The Lost Sentinel by Suzanne Rogerson is an independently published fantasy book that sparked my interest. I was intrigued by the concept of a magic that connects the people to their land and the consequences that ensue when the magic-wielders are being persecuted. Sadly, it wasn’t easy for me to connect to the characters and understand their development since we have three perspectives and a lot of time jumps that make the connection difficult.
The magical island of Kalaya is dying, along with its Sentinel. With the Kalayan people turning their back on magic, can Tei help the exiles find their new Sentinel before it’s too late?
Kalaya is controlled by the Assembly – set up to govern but now under the control of Rathnor, who is intent on persecuting those who have magic, many of whom have taken refuge in the Turrak Mountains.
Tei has been raised to hide her magic, until her father, Migil, is visited by an old friend who warns them that they must seek refuge in the mountains.
On the journey, an enemy attack leaves her father mortally wounded. He sees her into the care of two exiles, Rike and Garrick, and on his deathbed makes a shocking confession that changes Tei’s life.
Tei must put her trust in these strangers, especially when mysterious Masked Riders seem determined to stop her reaching Turrak.
Struggling with self-doubt, Tei joins the exiles in their search for their lost Sentinel. But the Masked Riders want the Sentinel too, and time, as well as hope, is running out.
Can Tei help the exiles save the island magic and reunite the Kalayan people before their ignorance destroys them all? (link to Goodreads)
The main plotline takes place in the world of Kalaya. On the one hand, we have the normal people ruled by the Assembly who have turned their back on magic and blame the fact that the land is dying on the people who wield it. On the other hand, we have the exiled magic-wielders who found their refuge in the mountains and build a home there. They are led by a powerful figure called the Sentinel, but the current Sentinel is dying and there needs to be a new one to safe the land from dying. I liked that this is a story where magic isn’t necessarily seen as something good by the people of Kalaya, even if it’s based on prejudice and ignorance. However, I would’ve liked more explanation about how this conflict came to be and how exactly this is connected to the island and its magic.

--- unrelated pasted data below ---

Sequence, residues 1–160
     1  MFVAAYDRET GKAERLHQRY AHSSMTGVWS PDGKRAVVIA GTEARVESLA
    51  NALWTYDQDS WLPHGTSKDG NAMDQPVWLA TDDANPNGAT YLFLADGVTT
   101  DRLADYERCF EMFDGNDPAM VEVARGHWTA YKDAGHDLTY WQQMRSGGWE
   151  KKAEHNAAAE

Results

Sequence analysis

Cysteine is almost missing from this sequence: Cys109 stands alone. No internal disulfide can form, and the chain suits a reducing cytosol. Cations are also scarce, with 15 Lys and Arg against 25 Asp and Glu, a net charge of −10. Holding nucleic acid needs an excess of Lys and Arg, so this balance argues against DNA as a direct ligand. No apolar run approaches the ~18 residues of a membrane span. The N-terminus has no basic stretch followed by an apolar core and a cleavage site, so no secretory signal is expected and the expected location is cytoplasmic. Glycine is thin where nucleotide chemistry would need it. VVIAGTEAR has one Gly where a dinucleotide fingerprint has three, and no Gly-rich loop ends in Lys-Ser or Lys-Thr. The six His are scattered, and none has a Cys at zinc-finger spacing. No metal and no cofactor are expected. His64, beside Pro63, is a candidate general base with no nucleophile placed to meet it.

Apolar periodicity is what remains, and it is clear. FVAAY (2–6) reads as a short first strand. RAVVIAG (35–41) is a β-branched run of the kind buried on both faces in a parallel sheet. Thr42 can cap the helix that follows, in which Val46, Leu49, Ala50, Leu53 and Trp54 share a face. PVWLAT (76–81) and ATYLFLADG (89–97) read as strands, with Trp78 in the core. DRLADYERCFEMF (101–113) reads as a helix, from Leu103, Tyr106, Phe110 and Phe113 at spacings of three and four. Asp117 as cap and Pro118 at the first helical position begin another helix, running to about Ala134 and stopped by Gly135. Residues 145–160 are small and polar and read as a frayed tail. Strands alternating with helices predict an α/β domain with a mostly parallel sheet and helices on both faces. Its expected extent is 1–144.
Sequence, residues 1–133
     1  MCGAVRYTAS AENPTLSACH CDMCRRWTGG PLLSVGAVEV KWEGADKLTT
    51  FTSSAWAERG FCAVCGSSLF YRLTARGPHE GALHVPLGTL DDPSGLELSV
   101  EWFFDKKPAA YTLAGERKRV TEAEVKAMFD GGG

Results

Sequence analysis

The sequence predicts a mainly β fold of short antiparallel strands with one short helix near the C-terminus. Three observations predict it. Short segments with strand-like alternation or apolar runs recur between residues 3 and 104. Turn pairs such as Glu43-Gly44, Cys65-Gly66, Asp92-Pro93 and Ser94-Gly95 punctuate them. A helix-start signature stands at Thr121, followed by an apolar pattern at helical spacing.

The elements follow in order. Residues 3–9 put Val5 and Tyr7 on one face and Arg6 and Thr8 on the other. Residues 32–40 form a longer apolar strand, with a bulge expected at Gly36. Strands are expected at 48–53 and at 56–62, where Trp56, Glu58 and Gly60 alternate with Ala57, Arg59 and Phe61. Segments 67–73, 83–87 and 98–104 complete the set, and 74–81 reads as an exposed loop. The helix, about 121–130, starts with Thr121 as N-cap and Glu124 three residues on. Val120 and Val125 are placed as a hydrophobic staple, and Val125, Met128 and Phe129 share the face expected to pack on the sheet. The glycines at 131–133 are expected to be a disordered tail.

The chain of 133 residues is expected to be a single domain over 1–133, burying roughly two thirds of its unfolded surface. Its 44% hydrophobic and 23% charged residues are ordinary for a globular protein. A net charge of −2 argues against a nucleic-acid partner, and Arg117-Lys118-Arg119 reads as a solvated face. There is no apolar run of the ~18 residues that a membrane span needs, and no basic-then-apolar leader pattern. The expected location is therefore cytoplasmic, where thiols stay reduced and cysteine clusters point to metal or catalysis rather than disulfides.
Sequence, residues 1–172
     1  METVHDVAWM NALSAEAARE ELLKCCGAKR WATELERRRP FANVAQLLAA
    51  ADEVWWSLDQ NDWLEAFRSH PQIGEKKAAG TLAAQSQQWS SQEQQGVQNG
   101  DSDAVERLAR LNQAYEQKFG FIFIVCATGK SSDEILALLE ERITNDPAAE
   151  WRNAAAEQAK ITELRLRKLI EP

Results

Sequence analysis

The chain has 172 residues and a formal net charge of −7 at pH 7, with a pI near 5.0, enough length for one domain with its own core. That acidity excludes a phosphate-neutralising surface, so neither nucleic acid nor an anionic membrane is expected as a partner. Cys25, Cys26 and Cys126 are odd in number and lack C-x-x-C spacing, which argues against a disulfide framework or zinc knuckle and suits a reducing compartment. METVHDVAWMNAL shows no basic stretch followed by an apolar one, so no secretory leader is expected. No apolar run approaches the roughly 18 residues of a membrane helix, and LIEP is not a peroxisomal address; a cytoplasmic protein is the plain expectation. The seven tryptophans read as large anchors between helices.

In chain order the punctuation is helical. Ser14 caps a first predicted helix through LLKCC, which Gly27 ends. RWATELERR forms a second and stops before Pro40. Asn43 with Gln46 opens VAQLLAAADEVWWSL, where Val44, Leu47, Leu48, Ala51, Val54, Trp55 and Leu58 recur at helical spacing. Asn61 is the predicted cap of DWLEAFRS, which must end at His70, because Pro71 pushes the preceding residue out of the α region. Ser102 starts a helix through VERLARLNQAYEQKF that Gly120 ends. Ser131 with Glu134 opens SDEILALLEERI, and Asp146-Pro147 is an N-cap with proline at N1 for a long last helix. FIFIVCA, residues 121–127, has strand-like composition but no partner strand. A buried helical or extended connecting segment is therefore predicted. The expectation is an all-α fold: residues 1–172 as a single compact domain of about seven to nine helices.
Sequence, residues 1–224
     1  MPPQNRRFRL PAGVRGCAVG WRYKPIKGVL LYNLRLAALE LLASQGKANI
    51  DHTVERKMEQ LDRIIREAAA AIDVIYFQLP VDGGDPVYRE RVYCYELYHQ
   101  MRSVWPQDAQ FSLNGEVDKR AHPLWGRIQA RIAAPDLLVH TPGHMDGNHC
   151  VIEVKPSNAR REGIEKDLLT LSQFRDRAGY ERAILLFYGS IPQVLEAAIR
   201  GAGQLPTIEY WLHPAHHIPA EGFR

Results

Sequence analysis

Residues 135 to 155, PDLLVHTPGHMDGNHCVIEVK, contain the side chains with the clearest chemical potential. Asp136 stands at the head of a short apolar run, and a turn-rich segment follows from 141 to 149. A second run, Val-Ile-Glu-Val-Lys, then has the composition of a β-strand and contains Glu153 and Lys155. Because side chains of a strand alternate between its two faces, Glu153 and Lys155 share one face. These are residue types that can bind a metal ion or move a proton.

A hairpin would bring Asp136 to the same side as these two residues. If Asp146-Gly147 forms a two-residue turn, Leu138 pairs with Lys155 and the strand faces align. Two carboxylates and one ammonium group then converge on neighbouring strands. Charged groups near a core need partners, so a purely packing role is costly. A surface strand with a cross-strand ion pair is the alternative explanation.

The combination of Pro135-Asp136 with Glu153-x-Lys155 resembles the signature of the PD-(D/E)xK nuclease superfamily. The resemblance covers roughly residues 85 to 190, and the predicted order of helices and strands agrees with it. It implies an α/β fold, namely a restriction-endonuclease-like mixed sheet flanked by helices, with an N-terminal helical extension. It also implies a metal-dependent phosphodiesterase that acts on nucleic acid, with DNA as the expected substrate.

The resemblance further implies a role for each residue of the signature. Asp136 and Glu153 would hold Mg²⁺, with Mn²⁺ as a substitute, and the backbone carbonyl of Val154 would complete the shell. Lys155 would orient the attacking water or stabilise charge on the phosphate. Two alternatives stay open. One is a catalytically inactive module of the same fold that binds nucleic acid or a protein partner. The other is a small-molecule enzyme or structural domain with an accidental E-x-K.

The magic system itself is rooted in nature itself and the connection between all living things and the earth they live on. Some people are able to wield this magic and our main protagonist Tei is even able to traverse into the astral world where the spirits go to after death. I loved this harmonious, spiritual concept of magic and the fact that there needs to be a balance for everything in order to keep the island alive. The people connected to the island even see it as their duty to guide all spirits into the afterworld to ensure that they find their way and are reunited with the island.
There is also another scenery that takes place on a very barren and unhospitable island called Stone Haven. The people who live there now had to flee their homeland because it was raided by pirates and they are now dependend on seafare to survive. This setting had a dystopian feel for me and it was very gripping to see how these people overcome their struggle and start a new life on this island that isn’t very inhabitable.